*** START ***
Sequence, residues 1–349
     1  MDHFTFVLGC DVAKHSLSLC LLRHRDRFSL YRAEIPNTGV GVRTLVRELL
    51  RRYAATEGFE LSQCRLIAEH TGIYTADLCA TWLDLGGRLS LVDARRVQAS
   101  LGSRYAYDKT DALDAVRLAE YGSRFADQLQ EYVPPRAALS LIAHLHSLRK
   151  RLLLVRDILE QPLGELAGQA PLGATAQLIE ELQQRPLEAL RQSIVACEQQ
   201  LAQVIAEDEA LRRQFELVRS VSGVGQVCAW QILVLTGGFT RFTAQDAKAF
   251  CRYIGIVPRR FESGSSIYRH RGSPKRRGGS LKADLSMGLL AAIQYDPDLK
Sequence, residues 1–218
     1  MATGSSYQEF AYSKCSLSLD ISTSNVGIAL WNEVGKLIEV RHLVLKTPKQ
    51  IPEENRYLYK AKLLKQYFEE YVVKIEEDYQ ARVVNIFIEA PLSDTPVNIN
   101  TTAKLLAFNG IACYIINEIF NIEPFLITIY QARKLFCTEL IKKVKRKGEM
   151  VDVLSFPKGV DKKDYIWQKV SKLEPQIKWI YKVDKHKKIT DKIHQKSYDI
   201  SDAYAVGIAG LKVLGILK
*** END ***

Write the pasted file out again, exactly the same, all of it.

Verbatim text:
Sequence, residues 1–349
     1  MDHFTFVLGC DVAKHSLSLC LLRHRDRFSL YRAEIPNTGV GVRTLVRELL
    51  RRYAATEGFE LSQCRLIAEH TGIYTADLCA TWLDLGGRLS LVDARRVQAS
   101  LGSRYAYDKT DALDAVRLAE YGSRFADQLQ EYVPPRAALS LIAHLHSLRK
   151  RLLLVRDILE QPLGELAGQA PLGATAQLIE ELQQRPLEAL RQSIVACEQQ
   201  LAQVIAEDEA LRRQFELVRS VSGVGQVCAW QILVLTGGFT RFTAQDAKAF
   251  CRYIGIVPRR FESGSSIYRH RGSPKRRGGS LKADLSMGLL AAIQYDPDLK
Sequence, residues 1–218
     1  MATGSSYQEF AYSKCSLSLD ISTSNVGIAL WNEVGKLIEV RHLVLKTPKQ
    51  IPEENRYLYK AKLLKQYFEE YVVKIEEDYQ ARVVNIFIEA PLSDTPVNIN
   101  TTAKLLAFNG IACYIINEIF NIEPFLITIY QARKLFCTEL IKKVKRKGEM
   151  VDVLSFPKGV DKKDYIWQKV SKLEPQIKWI YKVDKHKKIT DKIHQKSYDI
   201  SDAYAVGIAG LKVLGILK